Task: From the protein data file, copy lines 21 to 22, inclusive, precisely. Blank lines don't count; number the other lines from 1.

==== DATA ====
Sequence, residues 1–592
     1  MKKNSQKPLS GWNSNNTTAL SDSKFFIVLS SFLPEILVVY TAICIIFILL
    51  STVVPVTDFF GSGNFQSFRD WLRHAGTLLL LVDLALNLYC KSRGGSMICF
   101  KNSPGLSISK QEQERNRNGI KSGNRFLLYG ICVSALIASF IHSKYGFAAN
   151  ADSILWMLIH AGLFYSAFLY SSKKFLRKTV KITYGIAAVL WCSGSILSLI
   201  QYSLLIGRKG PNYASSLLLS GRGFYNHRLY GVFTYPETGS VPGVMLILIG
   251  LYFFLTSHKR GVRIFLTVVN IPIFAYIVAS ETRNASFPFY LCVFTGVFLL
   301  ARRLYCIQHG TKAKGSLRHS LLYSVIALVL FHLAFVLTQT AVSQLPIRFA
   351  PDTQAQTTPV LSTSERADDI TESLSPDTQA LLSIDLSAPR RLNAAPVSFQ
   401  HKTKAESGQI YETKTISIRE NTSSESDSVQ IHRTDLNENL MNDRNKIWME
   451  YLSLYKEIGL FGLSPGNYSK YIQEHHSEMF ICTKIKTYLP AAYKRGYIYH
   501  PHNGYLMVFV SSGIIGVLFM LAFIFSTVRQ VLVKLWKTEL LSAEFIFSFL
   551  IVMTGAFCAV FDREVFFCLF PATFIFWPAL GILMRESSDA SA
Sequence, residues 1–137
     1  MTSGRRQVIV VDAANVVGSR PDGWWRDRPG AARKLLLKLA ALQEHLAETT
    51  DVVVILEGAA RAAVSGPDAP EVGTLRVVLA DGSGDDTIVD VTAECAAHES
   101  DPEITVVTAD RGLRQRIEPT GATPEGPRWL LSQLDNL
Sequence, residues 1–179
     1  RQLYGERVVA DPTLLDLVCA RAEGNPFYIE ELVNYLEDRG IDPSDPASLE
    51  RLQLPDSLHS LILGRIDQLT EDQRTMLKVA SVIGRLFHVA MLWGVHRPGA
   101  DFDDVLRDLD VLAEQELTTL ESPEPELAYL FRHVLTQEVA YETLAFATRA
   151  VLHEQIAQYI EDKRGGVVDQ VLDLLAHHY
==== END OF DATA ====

   101  DFDDVLRDLD VLAEQELTTL ESPEPELAYL FRHVLTQEVA YETLAFATRA
   151  VLHEQIAQYI EDKRGGVVDQ VLDLLAHHY